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On the Future of HistoryThe Postmodernist Challenge and Its Aftermath$
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Ernst Breisach

Print publication date: 2003

Print ISBN-13: 9780226072791

Published to Chicago Scholarship Online: March 2013

DOI: 10.7208/chicago/9780226072814.001.0001

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The Flourishing of Structural Postmodernism (1945–65)

The Flourishing of Structural Postmodernism (1945–65)

Chapter:
11 The Flourishing of Structural Postmodernism (1945–65)
Source:
On the Future of History
Publisher:
University of Chicago Press
DOI:10.7208/chicago/9780226072814.003.0011

The superior power, status, and affluence of the United States led many to conclude that progress had indeed shown to be an accurate interpretation of the world's development. That also seemed to confirm the American view of history as progressive universal emancipation in a novus ordo seculorum. Historiographically that view had its expression in the consensus school with its affirmation of a basic unity, stemming from centuries of collective experience and a stable set of shared ideas and habits. The emergence of doubts about progress in America would come in the late 1960s, a time in which the prominence of structural postmodernism's prominence was fading quickly. Hence, postmodernism remained a predominantly European affair. Nevertheless, it was an important cultural current that shaped the historical thought of many contemporaries but also witnessed postmodernism as a phenomenon that was not restricted to the postmodernist variety prominent in the decades on either side of the recent turn of centuries.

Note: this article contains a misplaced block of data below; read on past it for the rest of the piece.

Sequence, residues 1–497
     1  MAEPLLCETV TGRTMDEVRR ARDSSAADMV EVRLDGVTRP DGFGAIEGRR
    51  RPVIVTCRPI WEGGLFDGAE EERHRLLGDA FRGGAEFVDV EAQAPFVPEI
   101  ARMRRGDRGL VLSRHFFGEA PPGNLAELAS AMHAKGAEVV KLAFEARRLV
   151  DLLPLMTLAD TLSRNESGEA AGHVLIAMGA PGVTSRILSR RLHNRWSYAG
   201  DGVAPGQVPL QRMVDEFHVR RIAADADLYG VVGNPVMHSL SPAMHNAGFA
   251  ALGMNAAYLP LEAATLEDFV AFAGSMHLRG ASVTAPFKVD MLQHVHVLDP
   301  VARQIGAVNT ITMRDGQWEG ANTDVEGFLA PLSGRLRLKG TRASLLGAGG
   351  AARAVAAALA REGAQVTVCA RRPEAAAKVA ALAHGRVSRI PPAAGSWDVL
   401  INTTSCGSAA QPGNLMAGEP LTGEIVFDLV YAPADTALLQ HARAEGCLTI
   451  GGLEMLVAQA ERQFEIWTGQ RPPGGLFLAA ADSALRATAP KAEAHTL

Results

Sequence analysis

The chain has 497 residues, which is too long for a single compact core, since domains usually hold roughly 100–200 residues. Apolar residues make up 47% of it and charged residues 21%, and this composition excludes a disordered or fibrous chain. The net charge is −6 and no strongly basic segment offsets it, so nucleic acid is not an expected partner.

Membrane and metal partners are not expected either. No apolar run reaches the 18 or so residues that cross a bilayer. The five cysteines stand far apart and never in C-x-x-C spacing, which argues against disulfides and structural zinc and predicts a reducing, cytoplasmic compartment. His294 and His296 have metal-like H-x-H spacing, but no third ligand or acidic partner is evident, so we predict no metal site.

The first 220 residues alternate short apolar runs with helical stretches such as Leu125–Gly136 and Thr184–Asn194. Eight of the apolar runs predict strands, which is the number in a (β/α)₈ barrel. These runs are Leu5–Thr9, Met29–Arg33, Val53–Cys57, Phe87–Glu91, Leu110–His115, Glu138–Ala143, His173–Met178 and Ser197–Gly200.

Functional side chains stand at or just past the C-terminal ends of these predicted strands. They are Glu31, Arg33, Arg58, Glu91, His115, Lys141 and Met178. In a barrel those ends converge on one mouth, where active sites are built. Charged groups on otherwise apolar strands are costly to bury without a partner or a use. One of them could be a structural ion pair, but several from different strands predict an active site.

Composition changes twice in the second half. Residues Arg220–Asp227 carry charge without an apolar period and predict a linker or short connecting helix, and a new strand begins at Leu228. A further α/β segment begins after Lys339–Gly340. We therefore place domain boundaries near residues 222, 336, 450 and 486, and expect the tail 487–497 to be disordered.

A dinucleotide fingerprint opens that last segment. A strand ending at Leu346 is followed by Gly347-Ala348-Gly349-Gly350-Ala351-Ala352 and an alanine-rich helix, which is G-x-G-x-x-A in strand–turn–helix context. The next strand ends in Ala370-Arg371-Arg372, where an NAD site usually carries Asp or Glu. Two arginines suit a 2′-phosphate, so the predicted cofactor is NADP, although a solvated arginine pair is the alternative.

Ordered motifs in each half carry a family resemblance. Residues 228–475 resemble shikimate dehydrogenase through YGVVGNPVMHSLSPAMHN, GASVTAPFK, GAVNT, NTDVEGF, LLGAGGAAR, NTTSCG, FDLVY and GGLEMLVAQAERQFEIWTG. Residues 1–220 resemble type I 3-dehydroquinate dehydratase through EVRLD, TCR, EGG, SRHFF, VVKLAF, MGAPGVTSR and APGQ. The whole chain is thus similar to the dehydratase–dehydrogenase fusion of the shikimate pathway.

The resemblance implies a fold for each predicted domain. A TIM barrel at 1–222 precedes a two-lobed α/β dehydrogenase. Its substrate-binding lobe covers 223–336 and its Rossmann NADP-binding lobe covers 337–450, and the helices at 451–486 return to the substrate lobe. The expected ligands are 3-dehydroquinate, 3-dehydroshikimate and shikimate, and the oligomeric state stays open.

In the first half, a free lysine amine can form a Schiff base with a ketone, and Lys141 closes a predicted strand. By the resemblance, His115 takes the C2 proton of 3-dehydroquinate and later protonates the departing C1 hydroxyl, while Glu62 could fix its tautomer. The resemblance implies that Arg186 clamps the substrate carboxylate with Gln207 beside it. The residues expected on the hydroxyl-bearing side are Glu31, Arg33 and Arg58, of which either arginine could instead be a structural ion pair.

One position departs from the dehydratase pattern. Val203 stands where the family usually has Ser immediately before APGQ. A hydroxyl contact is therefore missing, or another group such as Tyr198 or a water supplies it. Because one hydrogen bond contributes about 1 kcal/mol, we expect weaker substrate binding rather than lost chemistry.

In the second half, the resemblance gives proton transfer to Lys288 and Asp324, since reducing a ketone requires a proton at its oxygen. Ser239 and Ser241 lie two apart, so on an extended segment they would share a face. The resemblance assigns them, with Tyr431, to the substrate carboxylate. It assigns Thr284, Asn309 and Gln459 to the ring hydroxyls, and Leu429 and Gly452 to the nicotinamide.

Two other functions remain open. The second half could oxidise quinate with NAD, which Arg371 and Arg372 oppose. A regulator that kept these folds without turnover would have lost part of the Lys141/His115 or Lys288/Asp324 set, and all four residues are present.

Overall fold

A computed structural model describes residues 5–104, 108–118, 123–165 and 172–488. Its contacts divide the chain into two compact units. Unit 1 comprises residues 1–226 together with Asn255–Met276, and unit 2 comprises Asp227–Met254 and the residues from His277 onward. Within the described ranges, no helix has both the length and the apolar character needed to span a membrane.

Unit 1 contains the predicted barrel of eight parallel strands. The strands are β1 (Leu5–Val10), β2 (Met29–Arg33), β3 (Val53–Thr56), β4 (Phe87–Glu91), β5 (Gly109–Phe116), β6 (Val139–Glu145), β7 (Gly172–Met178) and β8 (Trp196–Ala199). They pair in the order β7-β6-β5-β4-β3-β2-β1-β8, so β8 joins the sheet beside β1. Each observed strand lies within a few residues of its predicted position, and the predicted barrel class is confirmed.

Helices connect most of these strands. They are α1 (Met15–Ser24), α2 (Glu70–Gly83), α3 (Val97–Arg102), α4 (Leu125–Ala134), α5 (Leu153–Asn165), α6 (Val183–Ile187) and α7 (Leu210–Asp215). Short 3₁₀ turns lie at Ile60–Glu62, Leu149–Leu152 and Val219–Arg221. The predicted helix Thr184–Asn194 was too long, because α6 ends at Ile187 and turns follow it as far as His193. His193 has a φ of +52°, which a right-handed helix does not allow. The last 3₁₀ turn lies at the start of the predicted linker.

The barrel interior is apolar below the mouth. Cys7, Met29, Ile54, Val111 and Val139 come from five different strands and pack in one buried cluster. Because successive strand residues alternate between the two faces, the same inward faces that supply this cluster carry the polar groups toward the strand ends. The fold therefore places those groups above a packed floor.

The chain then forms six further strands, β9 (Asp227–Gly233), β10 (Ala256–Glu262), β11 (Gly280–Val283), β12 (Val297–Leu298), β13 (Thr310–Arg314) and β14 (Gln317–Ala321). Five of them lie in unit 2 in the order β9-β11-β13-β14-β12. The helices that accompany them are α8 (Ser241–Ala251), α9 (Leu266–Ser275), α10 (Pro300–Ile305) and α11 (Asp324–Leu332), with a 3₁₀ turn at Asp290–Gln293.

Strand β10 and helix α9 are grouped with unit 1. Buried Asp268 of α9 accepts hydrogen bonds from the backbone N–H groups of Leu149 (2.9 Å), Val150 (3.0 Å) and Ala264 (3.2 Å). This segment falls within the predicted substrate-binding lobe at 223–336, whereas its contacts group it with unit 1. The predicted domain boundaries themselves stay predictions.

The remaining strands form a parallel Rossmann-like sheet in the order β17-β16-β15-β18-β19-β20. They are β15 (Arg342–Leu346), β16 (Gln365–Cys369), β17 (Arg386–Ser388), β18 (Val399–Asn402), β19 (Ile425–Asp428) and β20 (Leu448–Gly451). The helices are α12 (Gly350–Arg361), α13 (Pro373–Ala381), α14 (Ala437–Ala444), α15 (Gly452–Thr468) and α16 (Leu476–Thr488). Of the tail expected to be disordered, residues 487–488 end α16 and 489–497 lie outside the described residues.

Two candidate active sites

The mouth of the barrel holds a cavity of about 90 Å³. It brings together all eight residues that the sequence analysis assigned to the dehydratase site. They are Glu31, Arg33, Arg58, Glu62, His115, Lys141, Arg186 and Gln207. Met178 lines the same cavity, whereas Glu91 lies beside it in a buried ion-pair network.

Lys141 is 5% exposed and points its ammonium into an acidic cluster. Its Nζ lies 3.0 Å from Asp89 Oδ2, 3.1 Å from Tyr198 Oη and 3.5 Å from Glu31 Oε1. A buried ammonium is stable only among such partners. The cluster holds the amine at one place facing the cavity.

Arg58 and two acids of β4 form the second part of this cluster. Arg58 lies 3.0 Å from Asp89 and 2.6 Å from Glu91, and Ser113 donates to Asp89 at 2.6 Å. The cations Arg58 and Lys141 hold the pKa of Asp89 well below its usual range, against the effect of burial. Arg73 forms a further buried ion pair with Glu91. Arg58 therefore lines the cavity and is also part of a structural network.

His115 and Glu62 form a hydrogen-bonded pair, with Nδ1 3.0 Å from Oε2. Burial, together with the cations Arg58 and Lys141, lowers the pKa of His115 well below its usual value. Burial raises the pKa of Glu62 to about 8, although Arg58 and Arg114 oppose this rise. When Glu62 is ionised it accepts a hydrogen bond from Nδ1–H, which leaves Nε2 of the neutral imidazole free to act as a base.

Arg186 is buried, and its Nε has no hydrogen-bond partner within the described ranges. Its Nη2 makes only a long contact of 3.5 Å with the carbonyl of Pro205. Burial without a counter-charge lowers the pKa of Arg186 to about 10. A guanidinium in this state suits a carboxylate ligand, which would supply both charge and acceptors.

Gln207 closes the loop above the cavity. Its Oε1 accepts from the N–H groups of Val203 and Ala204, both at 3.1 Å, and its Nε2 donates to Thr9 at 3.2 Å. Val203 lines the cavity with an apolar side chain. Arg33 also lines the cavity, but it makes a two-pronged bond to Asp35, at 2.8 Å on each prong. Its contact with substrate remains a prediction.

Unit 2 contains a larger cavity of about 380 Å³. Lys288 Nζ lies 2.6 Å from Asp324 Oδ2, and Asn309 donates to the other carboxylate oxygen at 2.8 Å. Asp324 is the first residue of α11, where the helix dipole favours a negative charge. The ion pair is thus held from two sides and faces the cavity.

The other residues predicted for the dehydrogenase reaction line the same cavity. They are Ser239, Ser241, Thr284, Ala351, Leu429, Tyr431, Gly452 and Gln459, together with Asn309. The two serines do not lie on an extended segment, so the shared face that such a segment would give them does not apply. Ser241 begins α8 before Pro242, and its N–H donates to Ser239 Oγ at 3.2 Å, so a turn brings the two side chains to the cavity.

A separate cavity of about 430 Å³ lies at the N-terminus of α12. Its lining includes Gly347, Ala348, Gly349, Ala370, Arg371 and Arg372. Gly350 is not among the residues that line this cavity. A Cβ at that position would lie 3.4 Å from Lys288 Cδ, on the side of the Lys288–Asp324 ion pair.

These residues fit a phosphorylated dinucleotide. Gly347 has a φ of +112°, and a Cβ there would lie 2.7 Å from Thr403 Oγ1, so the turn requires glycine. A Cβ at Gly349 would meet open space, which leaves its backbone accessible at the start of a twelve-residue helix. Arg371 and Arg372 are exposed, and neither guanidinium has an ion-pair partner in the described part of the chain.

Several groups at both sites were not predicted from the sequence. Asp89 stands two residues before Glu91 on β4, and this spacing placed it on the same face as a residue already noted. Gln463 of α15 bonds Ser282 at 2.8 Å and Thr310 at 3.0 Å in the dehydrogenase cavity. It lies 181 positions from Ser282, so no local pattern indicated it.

Keywords:   structural postmodernism, historiography, collective experience, historical thought, ideas and habits, United States

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